Last weekend, as I was walking into Whole Foods, I noticed a large white and blue sign hanging above the door, announcing the arrival of Marine Stewardship Council Halibut. Sounds good, I thought. After placing the carefully-wrapped package in my cart, I felt certain that dinner was going to be delicious, and I was pretty sure I had just done something good for our planet, but if you had asked me why it was good, I would have shrugged.
I decided to check out the Marine Stewardship Council website, and find out exactly why it's important to buy sustainably harvested fish. The organization started out under Unilever - producer of such ubiquitous brands as Dove, Bertolli, Hellman's, and Slim-Fast. Apparently, they are also the largest buyer of seafood in the world. I was happy to find out that the MSC is now independent, and is working to certify fisheries of all sizes around the world, in order to ensure the future health of our oceans, and the livelihoods of the people who fish for a living. MSC is the only internationally recognized set of environmental standards for measuring the sustainability of fisheries. Their standards were carefully developed over a over a two year period; they consulted scientists, fisherie experts, environmental organizations, and others who have a stake in the future of the industry (well, we all do, don't we?). With as much as 76% of the world's fish stocks being fully exploited (maximum biological capacity), it's clear that it's important to buy these products when they are available to us.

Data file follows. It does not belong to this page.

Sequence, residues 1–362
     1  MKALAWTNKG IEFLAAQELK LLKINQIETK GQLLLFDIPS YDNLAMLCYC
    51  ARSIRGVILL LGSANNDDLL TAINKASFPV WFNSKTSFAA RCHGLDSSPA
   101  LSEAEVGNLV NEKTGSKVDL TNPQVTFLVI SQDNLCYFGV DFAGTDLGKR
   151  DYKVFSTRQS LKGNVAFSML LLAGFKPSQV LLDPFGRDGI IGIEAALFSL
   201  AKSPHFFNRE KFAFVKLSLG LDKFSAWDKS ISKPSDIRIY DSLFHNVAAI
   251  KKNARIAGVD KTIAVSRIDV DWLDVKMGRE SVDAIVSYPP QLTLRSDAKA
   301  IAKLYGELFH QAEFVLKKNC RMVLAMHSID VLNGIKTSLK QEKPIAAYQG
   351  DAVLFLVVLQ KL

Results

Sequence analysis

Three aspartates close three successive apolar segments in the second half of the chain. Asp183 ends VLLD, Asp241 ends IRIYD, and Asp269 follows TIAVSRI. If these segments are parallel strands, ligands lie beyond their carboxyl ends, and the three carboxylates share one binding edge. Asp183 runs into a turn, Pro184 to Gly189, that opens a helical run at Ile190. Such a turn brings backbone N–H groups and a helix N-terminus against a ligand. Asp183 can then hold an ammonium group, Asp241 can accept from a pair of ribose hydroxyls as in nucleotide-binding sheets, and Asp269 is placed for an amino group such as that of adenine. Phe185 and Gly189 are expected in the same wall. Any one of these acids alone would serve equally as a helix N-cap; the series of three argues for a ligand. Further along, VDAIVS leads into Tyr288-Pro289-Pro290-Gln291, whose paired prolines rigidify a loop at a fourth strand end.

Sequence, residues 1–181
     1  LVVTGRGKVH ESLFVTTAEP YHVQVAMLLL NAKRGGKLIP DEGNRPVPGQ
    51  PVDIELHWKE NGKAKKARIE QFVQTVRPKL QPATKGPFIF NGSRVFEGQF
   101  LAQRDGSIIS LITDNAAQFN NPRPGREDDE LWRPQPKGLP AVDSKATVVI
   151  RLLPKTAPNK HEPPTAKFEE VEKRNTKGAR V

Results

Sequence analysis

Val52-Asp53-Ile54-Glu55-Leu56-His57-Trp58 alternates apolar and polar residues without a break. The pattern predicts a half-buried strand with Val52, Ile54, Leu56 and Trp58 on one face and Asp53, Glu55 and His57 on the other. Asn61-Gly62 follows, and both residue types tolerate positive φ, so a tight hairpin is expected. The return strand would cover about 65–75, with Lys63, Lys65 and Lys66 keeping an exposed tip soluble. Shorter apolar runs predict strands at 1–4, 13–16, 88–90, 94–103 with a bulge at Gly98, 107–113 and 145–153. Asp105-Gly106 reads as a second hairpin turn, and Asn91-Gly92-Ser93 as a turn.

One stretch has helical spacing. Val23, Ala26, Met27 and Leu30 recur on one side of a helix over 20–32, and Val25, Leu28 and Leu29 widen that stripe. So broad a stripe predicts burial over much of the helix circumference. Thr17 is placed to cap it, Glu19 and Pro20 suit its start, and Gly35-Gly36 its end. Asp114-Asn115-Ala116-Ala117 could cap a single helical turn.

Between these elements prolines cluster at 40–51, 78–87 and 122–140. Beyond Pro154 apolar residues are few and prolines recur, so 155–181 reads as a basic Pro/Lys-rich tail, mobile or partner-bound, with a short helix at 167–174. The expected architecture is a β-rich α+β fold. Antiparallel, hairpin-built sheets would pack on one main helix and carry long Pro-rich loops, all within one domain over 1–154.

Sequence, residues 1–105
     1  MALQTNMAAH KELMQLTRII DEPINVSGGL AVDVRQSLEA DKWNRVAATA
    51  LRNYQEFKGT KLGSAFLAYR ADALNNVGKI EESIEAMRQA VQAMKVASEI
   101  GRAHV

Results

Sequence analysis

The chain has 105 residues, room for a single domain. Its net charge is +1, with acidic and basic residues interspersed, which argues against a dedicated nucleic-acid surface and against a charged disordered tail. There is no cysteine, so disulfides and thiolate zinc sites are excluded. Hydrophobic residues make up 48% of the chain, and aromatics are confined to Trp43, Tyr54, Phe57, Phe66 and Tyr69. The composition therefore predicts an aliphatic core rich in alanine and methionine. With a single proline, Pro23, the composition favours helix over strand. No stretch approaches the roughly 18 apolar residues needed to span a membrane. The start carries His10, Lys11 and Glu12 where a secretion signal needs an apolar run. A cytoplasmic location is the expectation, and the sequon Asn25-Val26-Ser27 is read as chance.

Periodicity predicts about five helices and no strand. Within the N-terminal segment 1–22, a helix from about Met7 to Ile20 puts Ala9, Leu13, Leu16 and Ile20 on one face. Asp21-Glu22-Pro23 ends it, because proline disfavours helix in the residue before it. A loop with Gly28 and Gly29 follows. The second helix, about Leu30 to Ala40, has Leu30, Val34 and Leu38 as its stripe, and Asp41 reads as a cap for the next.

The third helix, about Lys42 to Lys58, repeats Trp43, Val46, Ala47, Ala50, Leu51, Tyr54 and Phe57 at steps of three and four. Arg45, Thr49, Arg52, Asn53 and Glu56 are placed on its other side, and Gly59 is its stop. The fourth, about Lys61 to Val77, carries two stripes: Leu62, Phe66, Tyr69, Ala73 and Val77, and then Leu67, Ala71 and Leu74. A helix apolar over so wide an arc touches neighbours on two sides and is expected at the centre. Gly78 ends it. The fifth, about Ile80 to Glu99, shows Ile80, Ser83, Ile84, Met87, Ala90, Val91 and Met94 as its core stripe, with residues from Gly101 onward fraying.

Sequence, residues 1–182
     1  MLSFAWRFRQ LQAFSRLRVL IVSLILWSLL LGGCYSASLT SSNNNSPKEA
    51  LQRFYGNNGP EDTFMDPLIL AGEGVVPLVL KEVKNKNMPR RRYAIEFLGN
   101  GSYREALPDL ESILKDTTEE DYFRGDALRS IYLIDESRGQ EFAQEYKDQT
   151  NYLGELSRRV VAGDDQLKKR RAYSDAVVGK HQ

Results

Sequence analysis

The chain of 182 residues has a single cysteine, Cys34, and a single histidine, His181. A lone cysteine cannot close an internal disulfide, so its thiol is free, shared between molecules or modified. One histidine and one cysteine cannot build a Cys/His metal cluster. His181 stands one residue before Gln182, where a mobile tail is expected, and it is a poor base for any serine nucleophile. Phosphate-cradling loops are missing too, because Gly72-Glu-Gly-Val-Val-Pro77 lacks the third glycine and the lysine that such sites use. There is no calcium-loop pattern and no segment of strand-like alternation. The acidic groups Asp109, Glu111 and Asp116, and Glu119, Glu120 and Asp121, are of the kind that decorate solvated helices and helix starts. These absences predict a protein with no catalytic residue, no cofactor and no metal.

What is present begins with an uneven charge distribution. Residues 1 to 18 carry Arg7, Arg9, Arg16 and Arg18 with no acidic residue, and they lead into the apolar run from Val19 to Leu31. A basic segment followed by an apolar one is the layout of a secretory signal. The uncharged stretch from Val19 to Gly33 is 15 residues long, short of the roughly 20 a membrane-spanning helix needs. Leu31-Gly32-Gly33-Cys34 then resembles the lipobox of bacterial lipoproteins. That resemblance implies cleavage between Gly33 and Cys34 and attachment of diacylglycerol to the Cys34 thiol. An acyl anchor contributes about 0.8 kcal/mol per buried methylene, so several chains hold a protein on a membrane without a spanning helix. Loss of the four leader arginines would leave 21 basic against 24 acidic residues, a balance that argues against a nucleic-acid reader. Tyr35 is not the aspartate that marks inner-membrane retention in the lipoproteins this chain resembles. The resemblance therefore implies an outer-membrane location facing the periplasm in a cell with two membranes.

I suspected that products carrying the MSC logo would be hard to find, or prohibitively expensive for the average shopper, but a list of stores carrying MSC-labeled fish and fish products revealed a surprising number of sources. Whole Foods, Wild Oats, and Wegman's are all carrying these products, but also on the list are Walmart, and Safeway stores, among others. This is a great direction for these large corporations to take, because if sustainable products are readily available, and affordable, it seems to me like the average consumer would glady make the purchase. The challenge then lies in the hands of marketers and these organizations to educate the public.
Now, back to the halibut fillet sitting in my shopping cart. I had ripped out a recipe from this month's Bon Appetit , for Chipotle-Glazed Halibut, with Avocado-Tomatillo Sauce. I happen to adore tomatillos, and the recipe had very few ingredients, so it went to the front of my recipe basket. It was a cinch to put together - I made a quick glaze with chipotle chiles, honey, orange juice and spices, then made the Tomatillo Sauce in the blender using just tomatillos (I used canned), an avocado, and orange juice...and that was it! The recipe called for grilling the fish, but I just popped it in the oven at 400 degrees. I roasted some potatoes to go along with the fish, and garnished it with cilantro, and it plated up beautifully too, as you can see. Mostly importantly though, it was delicious. Extra points for sustainability as well.
The original recipe made 6 servings; I halved it with no problems. I also added some additional spices and some brown sugar to the glaze, because the honey that I had in the pantry was more savory than sweet. I used canned tomatillos because the store didn't have fresh, and I don't think it made much of a difference, but now I have to find a use for the rest of can...
The recipe is not yet posted on Epicurious , but they update it pretty regularly, so if you're not a subscriber, just check back in a few weeks.
The information about MSC in this entry was all gathered from their site, listed above.